Sunday Morning Soundbytes – 7/15/2007

Doing Church Together | Lou Kochanek

Yesterday’s message was the thirteenth in the Doing Church Together series from the book of 1 Timothy. The message was called, Choosing Contentment, taken from 1 Timothy 6:3-10.

1 Timothy 6:3-10 – 3 If anyone teaches false doctrines and does not agree to the sound instruction of our Lord Jesus Christ and to godly teaching, 4 he is conceited and understands nothing. He has an unhealthy interest in controversies and quarrels about words that result in envy, strife, malicious talk, evil suspicions 5 and constant friction between men of corrupt mind, who have been robbed of the truth and who think that godliness is a means to financial gain.
6 But godliness with contentment is great gain. 7 For we brought nothing into the world, and we can take nothing out of it. 8 But if we have food and clothing, we will be content with that. 9 People who want to get rich fall into temptation and a trap and into many foolish and harmful desires that plunge men into ruin and destruction. 10 For the love of money is a root of all kinds of evil. Some people, eager for money, have wandered from the faith and pierced themselves with many griefs. (NIV)

The main idea of the message was that you should choose contentment. Contentment is not dependent on your outward circumstances. It is dependent on your attitude and your will. Contentment is not something you gain or achieve in life. Contentment is something that you choose. Here is a brief recap of the message:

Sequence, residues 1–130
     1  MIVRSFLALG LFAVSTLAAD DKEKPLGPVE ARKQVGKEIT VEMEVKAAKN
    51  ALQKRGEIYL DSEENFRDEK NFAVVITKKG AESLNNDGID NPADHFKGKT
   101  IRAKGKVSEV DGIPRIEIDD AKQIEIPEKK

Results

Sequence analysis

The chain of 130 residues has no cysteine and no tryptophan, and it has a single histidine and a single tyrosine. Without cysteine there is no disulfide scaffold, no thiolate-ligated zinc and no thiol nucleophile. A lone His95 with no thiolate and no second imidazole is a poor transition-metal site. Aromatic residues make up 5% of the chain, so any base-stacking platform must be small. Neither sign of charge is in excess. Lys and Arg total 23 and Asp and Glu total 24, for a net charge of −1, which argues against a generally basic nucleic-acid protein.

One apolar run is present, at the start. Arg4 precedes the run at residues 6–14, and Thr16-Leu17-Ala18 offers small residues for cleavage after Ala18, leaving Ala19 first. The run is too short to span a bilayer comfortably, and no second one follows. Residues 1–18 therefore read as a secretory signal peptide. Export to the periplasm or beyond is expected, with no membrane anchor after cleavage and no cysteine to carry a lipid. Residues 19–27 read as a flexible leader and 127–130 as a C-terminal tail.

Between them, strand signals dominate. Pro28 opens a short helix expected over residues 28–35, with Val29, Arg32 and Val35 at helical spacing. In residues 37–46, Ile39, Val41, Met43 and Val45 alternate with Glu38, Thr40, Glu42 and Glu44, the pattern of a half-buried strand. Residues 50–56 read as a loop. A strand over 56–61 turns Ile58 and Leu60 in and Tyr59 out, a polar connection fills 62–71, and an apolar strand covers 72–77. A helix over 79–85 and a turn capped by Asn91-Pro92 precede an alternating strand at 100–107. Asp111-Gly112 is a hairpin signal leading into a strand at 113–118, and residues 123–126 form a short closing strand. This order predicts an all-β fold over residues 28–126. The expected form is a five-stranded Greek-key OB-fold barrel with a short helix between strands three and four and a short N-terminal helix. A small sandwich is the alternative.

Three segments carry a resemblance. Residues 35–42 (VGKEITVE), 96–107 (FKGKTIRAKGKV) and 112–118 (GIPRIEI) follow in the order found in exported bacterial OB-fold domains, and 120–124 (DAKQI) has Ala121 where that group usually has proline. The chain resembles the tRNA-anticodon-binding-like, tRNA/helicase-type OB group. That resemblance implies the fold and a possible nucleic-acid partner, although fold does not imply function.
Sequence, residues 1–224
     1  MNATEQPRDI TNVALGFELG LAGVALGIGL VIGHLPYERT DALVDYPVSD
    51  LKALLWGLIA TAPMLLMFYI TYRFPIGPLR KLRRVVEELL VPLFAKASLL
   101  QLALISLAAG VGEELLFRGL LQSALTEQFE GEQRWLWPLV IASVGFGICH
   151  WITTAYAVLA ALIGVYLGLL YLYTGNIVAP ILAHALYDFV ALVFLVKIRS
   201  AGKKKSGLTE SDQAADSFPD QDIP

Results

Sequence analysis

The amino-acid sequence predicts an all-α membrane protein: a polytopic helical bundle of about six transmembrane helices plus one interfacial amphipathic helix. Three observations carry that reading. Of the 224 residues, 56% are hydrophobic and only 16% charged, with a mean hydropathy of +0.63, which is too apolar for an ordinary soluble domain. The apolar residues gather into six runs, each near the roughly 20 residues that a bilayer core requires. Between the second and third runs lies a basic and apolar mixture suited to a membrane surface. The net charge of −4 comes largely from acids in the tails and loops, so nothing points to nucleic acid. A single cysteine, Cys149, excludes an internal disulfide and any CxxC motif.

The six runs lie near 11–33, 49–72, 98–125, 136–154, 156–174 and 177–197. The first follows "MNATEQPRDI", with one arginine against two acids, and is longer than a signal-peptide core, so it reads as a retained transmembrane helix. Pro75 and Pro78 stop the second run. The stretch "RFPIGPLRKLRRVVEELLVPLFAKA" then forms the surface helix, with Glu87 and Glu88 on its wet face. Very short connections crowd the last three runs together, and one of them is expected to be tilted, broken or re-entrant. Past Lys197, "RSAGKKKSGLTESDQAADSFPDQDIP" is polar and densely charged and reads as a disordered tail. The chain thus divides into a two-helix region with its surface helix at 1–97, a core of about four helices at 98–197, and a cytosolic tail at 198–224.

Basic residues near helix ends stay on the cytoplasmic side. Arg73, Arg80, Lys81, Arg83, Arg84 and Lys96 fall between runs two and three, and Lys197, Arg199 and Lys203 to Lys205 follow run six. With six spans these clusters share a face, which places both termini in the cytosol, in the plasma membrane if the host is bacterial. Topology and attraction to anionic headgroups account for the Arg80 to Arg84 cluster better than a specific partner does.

Choosing to be content is one of the basic principles of Christianity: learning to be satisfied in God above all other things. Choosing contentment for your life rather than discontent is one of the most important decisions you can ever make.

1) Watch out for false teachers seeking financial gain (verses 3-5)

Paul begins with a warning about certain teachers who did not choose to be content. They were not seeking God’s kingdom or truth, but were merely seeking financial gain for themselves.

2) Godliness with contentment is great gain (verses 6-8)

But godliness is not a means to financial gain; rather godliness with contentment is great gain in and of itself. The word “contentment” here speaks of having a sufficiency, or, having enough.

At some point in your life, you need to decide which of two words will rule your life when it comes to having things: either “more” or “enough.” If your answer is “more,” then no matter how much you get, you will always want more. But if your answer is “enough,” then no matter how much or how little you have, you will always be satisfied and content. Choosing contentment means deciding that you will let go of the word “more” in your life and hold on to the word “enough.”

We really don’t need a lot in order to be content or to have enough in life. If we have the basic necessities of life, then we can say, “I have enough,” rather than “I want or need more.”

3) The love of money is a root of all kinds of evil (verses 9-10)

If godliness with contentment is great gain, then what is the alternative? Paul goes on to say in verses 9-10 that the love of money is a root of all kinds of evil. The phrase “people who want to get rich” is literally “people who want to have an abundance” or, I suppose we could say, “people who want to have more than enough.” You see, we are back to the choice of “more” or “enough.”